When I started working in Los Angeles, I shared an office and it would bug me at first when people walked pass me and started talking to my colleague without greeting me.

On the other hand, the few times I had to go to the French consulate in Los Angeles, it felt a little over the top to hear people say Bonjour every two minutes because someone would regularly walk through the main waiting room.

When you’re in a small village, it’s pretty common to greet people you pass by. It’s also considered good manners to greet people when you go on a hike or when you’re strolling around in the countryside.

You’re also supposed to say bonjour before ordering anything at the bakery, the butcher or any small shop.

Bonjour, une baguette s’il vous plaît !
Hello, one baguette please!

At the grocery store, the cashier will always start by saying Bonjour before scanning your items.

Meeting someone for the first time

To show that you are happy to meet someone, you can use the following sentences.

Heureux de faire votre connaissance.
Pleasure to meet you.

Enchanté de vous rencontrer.
Delighted to meet you.

Ravi de vous rencontrer.
Nice to meet you.

How to start a conversation

To strike up a conversation when meeting someone, you can ask the person how he’s doing, the same way you would in English.

Bonjour, comment allez-vous ? very formal
Hello, how are you?

Bonjour, ça va ? less formal
Hello, how are you?

Salut, Ca va ? casual
Hi, how are things?

Salut, quoi de neuf ? casual
Hi, what’s up?

How to reply to Ça va ?

Whenever someone asks you Ça va as a greeting, you’re not supposed to start talking about your health concerns, marital troubles or money issues. No matter how you really feel, you’re supposed to answer that you’re fine. Keep the heavier stuff for later.

Bonjour, comment allez-vous ? formal
Hello, how are you?
Ça va bien, merci, et vous-même ? formal
I’m good thank you, how about you?

Salut, ça va ? casual
Hi, how are you?
Oui bien, et toi ça va? casual
I’m good, how are you?

If you really don’t want the other person to think you’re ok when you’re not, you can answer with “on fait aller” or “ça peut aller”. You could also use the French interjection “bof” to convey your lack of enthusiasm.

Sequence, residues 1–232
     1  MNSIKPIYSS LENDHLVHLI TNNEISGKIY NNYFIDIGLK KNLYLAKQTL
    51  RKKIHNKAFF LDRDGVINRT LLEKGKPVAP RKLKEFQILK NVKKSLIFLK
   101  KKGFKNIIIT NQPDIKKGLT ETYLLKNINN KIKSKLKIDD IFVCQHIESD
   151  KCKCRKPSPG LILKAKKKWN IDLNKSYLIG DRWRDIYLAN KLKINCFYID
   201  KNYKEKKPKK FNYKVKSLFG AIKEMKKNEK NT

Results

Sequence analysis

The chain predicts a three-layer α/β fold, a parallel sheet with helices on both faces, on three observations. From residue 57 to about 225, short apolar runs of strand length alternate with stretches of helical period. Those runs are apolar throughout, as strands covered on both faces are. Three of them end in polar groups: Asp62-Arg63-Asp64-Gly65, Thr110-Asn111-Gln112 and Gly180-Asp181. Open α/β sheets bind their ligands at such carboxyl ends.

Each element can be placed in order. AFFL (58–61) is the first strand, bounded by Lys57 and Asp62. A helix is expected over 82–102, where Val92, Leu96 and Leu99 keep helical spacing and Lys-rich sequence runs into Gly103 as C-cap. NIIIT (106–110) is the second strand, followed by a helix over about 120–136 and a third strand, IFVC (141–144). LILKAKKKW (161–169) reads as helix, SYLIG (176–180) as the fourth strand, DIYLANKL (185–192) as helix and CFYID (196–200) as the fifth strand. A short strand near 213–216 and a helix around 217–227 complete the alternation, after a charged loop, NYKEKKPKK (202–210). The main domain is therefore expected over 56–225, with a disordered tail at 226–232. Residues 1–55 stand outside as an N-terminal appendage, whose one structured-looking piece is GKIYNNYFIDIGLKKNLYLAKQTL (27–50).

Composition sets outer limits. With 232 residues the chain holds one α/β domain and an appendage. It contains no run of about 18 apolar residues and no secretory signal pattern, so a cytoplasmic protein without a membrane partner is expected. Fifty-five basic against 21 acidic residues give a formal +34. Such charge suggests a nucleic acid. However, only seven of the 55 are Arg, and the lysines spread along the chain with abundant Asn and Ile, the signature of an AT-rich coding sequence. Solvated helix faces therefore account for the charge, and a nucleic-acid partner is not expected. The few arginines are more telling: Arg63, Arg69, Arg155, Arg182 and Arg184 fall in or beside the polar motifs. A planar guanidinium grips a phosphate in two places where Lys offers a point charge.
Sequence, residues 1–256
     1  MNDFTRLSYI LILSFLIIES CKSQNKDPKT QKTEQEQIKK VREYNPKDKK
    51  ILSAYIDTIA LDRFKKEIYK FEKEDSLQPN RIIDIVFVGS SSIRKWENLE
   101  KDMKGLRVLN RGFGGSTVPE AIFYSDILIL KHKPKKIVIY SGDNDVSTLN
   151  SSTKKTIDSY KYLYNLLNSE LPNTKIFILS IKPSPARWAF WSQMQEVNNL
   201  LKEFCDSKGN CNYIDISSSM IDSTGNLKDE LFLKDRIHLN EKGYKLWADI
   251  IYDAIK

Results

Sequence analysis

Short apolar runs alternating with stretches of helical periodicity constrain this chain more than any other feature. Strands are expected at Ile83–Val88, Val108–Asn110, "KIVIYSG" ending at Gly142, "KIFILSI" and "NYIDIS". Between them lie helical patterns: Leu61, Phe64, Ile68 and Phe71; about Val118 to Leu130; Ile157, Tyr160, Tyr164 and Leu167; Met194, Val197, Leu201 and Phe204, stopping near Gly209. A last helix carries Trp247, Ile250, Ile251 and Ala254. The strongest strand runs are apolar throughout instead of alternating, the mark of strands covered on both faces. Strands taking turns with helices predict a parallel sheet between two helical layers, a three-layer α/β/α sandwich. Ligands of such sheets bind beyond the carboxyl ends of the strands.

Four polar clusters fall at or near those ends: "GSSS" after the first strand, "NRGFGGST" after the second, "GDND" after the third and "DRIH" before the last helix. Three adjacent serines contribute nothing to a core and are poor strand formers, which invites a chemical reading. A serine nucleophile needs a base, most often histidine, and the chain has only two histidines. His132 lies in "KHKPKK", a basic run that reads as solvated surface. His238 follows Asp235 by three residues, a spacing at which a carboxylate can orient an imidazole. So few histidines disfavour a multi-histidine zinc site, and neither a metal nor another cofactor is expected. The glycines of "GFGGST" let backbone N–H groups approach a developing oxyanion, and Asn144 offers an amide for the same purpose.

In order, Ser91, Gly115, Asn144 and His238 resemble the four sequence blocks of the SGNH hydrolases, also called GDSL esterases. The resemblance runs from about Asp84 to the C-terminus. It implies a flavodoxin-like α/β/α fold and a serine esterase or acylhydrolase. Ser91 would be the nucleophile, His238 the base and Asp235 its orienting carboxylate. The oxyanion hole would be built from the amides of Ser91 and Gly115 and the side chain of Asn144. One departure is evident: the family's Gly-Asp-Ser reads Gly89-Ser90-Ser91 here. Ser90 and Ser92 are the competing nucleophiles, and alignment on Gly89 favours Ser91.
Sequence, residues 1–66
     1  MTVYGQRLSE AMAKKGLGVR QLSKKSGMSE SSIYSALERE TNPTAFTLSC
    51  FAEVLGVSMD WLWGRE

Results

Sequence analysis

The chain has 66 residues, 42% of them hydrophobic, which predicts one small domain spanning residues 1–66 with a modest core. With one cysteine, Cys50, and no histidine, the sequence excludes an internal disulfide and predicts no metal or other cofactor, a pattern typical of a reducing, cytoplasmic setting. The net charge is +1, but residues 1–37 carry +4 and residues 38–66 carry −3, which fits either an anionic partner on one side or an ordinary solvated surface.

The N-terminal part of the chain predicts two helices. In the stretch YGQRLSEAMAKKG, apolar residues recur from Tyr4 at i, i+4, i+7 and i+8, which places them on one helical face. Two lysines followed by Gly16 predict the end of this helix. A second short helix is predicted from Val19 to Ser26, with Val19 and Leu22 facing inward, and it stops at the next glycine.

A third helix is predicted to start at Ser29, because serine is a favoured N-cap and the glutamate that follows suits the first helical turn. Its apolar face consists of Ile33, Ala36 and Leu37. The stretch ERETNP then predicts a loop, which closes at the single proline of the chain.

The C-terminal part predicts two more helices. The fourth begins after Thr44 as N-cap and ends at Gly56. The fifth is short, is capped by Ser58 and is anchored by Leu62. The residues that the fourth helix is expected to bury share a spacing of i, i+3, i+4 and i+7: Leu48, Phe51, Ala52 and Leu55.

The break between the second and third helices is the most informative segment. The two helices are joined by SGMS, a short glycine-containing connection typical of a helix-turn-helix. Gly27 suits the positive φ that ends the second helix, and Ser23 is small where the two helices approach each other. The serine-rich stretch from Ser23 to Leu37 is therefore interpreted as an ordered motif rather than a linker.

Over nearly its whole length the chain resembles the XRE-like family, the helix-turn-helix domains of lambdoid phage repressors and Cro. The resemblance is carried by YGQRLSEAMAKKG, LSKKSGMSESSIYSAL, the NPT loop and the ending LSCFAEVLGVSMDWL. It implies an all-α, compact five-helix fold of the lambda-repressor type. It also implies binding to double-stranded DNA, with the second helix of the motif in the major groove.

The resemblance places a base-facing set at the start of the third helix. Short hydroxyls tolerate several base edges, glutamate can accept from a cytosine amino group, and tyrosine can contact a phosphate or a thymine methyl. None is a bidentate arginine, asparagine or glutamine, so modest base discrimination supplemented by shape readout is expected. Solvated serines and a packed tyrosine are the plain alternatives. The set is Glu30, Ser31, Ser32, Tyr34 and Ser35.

Salut, ça va ?
Hi, how are you?
Bof, on fait aller.
I’ve seen better days, how are you?
Ah bon ? Qu’est-ce qui ne va pas ?
Really? what’s wrong?

French greetings when heading out

There are many options when it comes to parting words but the most used one is Au revoir, which literally means See you again. You can use Au revoir even when you know you’ll never see the person again.

Like Bonjour, Au revoir works in formal and casual settings, whether you know the other person or you don’t.

Au revoir !

French borrowed the following farewell from Italy.

Ciao ! casual

Depending on the time of the day, you can wish a good rest of the day when you head out.

Bonne soirée !
Have a good night!

Bonne journée !
Have a good day!

Bon après-midi !
Good afternoon!

Bonne nuit !
Have a good night sleep!

Bon week-end !
Have a good week-end!

Bon dimanche !
Enjoy your Sunday!

The following expressions work both to greet someone and to part with someone.

Bonsoir !
Have a nice evening!
Salut ! casual

Use these parting words to indicate that you’ll see each other again.

À bientôt !
See you soon!

À tout à l’heure !
See you in a few!

À tout ! casual
See ya!

À plus tard !
See you later!

À plus ! casual
See ya!

À la prochaine ! casual
See you next time!

Au plaisir (de vous revoir) !
Looking forward to meet again!

Au plaisir is a rather old-fashioned French greeting, which is short for Au plaisir de vous revoir (looking forward to seeing you again).

If you know when you’ll see the person again, use one of these expressions instead.

À ce soir !
See you tonight!

À demain !
See you tomorrow!

À la semaine prochaine !
See you next week!

À lundi !
See you Monday!

French translations of basic sentences

Use the following French sentences to indicate that you’re happy to see someone.

Ça fait longtemps !
It’s been a while!

Ça fait un bail ! casual
Long time no see!

Ça me fait plaisir de te voir ! casual
Good to see you.

Passe nous dire un petit bonjour ! casual
Stop by to say hi.

Passez le bonjour à votre épouse. formal
Say hello to your wife.

Tiens moi au courant. casual
Keep me posted.

On se tient au jus. casual
Let’s keep in touch.

Je passerai vous faire un petit coucou. casual
I’ll stop by to say hi.

French expressions with bonjour

Let’s end this article with a couple of common French expressions containing the word bonjour.

Simple comme bonjour

meaning: very easy

literal translation: easy as hello

La réponse est simple comme bonjour.
The answer is as easy as pie.

English expression: as easy as pie

Bonjour l’ambiance

meaning: tense atmosphere

literal translation: hello bad vibe

Son ex est arrivé bourré au milieu du repas, bonjour l’ambiance !
Her ex showed up wasted in the middle of diner, the atmosphere grew tense.

English expression: I can’t think of an English expression for this one, can you?

Now that you know how to say hello in French, how about learning how to pronounce some anglicisms the French way in Misused English words in French?

Nathalie Nahmani

About Nathalie Nahmani

Nathalie is the creator of ma French Life. She moved back to France after living in Los Angeles for 20 years. She writes practical articles to help expats in France. Nathalie lives with her family in the French Alps near Grenoble.